North Korean Hackers Suspected in Major Cryptocurrency Heists  

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In the recent round of attcks targetting blockchain companies, evidence gathered strongly suggests North Korean hackers are behind these digital heists. The primary target CoinEx, a cryptocurrency exchange, reported a $31 million loss earlier this week. Here’s what we know:

CoinEx Heist and the Lazarus Group Connection

Cryptocurrency tracking experts at Elliptic closely monitored the situation, indicating that the Lazarus Group, a notorious North Korean government operation, may be responsible for the CoinEx attack. Their analysis connected the CoinEx breach with previous cyberattacks attributed to Lazarus.

Elliptic found that some of the stolen funds from CoinEx were funneled to an address previously used by the Lazarus Group to launder ill-gotten gains from attacks on online casino and cryptocurrency wallet service Atomic Wallet. Although these prior attacks were on different blockchains, the overlap in addresses raises suspicions.

The stolen CoinEx funds initially traveled through the Ethereum blockchain before being sent back to an address known to be controlled by the CoinEx hacker. This adds weight to the claim that Lazarus Group may be involved.

North Korea’s Growing Cryptocurrency Theft Spree

The CoinEx hack is just a drop in the bucket of cryptocurrency thefts attributed to North Korea. According to researchers at cryptocurrency-tracking company Chainalysis, these illicit activities have amassed over $340.4 million this year alone, following a staggering $1.65 billion haul in 2022.

The challenge for cybercriminals in the cryptocurrency space lies in obfuscating their actions, given the transparency of blockchain transactions. Chainalysis highlighted that North Korean groups have increasingly used Russia-based cryptocurrency exchanges for laundering their illicit crypto assets.

Lazarus Group’s Evolving Tactics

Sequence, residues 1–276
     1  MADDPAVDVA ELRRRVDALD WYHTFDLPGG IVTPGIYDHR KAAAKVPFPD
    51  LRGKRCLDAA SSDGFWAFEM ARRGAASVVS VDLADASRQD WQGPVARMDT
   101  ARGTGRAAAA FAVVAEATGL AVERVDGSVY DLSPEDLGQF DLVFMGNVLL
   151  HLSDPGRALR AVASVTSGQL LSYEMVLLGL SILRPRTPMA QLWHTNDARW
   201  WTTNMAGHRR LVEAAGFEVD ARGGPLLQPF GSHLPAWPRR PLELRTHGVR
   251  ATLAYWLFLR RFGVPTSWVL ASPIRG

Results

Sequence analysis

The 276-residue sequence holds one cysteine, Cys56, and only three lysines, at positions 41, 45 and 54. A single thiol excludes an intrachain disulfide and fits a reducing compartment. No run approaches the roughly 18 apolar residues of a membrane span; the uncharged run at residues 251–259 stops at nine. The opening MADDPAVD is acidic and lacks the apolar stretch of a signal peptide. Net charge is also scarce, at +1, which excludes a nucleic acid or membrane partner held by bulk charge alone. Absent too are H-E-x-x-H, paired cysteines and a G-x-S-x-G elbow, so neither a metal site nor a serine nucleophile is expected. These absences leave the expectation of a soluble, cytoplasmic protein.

Elliptic also noted a shift in Lazarus Group’s tactics. Recent attacks, including the CoinEx theft, have targeted centralized cryptocurrency platforms. These platforms, characterized by a single controlling entity, are susceptible to social-engineering attacks, a favored Lazarus tactic. Decentralized finance (DeFi) services, on the other hand, distribute authority among different nodes and are proving more resilient to such assaults.

The shift may be due to improved security measures among DeFi services, making it harder for hackers to identify and exploit vulnerabilities. In contrast, centralized exchanges, with their larger workforces and centralized IT services, remain attractive targets for cybercriminals.

Ongoing Investigations and Denials

CoinEx has yet to officially identify the perpetrators behind the attack. However, the company is aware that security firms have pointed fingers at North Korean cyber-espionage teams. The investigation into the hack is ongoing.

Meanwhile, North Korea’s mission to the United Nations in New York has not responded to inquiries regarding the allegations.

North Korea Hackers’ Cryptocurrency Theft Agenda

North Korean hackers’ aggressive pursuit of cryptocurrency theft has been well-documented. A United Nations report highlighted that the country escalated its cryptocurrency theft in the previous year, utilizing increasingly sophisticated techniques to become the leading cryptocurrency thief in 2022.

North Korea has consistently denied allegations of hacking and cyberattacks, despite mounting evidence to the contrary.


Bal M

Bal was BTW's copywriter specialising in tech and productivity tools. He has experience working in startups, mid-size tech companies, and non-profits.

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